It is relatively easy for the government's opponents to exploit popular suspicion of foreign investment in strategic resources, requiring the government to take a tough line on foreign investors to avoid being seen as selling the country out," says the report.

In the case of the proposed Tata investment, there was the added factor that the project would have involved an Indian company, making the issue doubly sensitive politically. In the Phulbari case, there has been speculation that leftwing groups orchestrated the protests against the coal-mine plans for political reasons.

Certainly, Bangladesh's political scene will be increasingly fraught as the election nears. The term of office of the coalition government, led by the Bangladesh Nationalist Party (BNP), ends in October, when it will hand over power to a non-partisan caretaker government. The caretaker government will oversee the election, which must be held within 90 days of the dissolution of parliament.

However, the run-up to the election is almost certain to be marredby controversy and by bitter rivalry between the BNP and the main opposition Awami League (AL). Campaign violence is also highly likely. Strikes will increase in frequency and duration.

The AL, in particular, will be preoccupied with efforts to broaden its support base in an attempt to secure the bulk of the popular vote, the Economist observed.

Bangladesh hit by violent protests over British firm's coal mine plan

By Justin Huggler, Asia Correspondent , The Independent

31st August 2006

Bangladesh has been brought to a standstill by a general strike and violent protests against a British company's plans to develop a huge open coal mine. Protesters accused the company, Asia Energy, of stripping Bangladesh of its resources and forcing tens of thousands of people from their homes.

One policeman was killed when he was hit by a stone, and several demonstrators were injured in police baton charges in the capital, Dhaka. At the weekend, six people were shot dead by security forces in a protest at the site of the proposed mine.

Asia Energy plc is planning a $1.1bn (£578m) investment in mining 570 million tons of coal at Phulbari, in northern Bangladesh. The company says the mine will earn Bangladesh billions of dollars in profit and provide much-needed fuel for power generation. It is negotiating for backing from the Asian Development Bank and the US Ex-Im Bank.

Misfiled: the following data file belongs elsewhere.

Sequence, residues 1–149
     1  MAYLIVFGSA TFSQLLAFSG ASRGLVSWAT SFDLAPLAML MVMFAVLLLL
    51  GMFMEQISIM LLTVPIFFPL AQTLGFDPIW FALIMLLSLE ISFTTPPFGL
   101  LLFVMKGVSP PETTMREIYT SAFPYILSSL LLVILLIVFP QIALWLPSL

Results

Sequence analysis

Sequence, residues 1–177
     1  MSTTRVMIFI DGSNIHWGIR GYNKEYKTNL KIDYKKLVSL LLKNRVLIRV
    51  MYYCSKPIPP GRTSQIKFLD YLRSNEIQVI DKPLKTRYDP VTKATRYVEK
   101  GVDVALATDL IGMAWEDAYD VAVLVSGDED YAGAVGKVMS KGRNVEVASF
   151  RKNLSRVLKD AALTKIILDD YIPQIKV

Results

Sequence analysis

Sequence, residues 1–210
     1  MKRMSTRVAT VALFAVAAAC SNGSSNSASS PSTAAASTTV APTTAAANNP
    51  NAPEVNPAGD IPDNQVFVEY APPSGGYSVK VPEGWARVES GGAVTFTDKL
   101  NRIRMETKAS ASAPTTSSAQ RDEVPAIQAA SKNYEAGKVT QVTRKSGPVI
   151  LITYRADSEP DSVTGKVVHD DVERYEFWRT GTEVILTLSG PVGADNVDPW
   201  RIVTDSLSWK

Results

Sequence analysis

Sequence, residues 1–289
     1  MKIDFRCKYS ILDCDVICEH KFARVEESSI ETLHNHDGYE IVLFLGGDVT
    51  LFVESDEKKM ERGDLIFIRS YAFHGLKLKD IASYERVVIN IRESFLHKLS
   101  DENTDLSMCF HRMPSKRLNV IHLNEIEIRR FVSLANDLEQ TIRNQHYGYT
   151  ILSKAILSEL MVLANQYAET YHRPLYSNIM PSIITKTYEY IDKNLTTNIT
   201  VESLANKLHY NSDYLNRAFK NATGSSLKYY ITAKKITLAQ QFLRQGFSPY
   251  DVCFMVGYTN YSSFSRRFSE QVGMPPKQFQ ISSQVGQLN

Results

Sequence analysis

But the mine's opponents say it will displace more than 100,000 people, destroy hundreds of thousands of trees and damage the environment.

Over the weekend huge numbers of people, many of them armed with rocks and machetes, converged at the site of the proposed mine in Phulbari. Witnesses put the number as high as 30,000. The police called on the paramilitary Bangladesh Rifles for backup, and they opened fire into the crowd, killing six and wounding more than 300.

"The reason this is so explosive is that relocating people is a much bigger issue here than in the West," said Sharyar Khan of Bangladesh's Daily Star newspaper. "Bangladesh is already so crowded people feel there is nowhere else to go. They have very little and they feel if you take away their land you are taking away what little they have. That is why they react so desperately."

Asia Energy says 40,000 people will be displaced, and has promised to build them new homes in purpose-built towns away from the site.

But the issue is complicated by the fact that many of those who will be displaced - the exact figure is disputed - are members of the Santal indigenous tribal people. Like most tribal groups in South Asia, they do not have any land deeds or other documents proving ownership of their land, but their families have lived on it for centuries. Many of the Santals fear they will miss out on being rehoused because they do not have the paperwork.

For them, the deforestation issue is important, too. Most still live traditional lives, cooking on firewood. The mine's opponents say it will destroy 2.5 million trees; Asia Energy says it will destroy 800,000.

But Asia Energy says the protests have been politically motivated. "What you had was a lot of rent-a-crowd," said David Lenigas, a director of the company. "They were busing them in from Dhaka.

"The protests are being organised by a group that has connections to far-left political groups, and the opposition has seen an opportunity in them ahead of the elections. We've done surveys in the area and 95 per cent of the local people support the project."

The Bangladeshi government has been scrabbling to contain the discontent, insisting the project will go ahead as planned. Bangladesh suffers from drastic power shortages: there are daily six-hour power cuts in the business districts of Dhaka.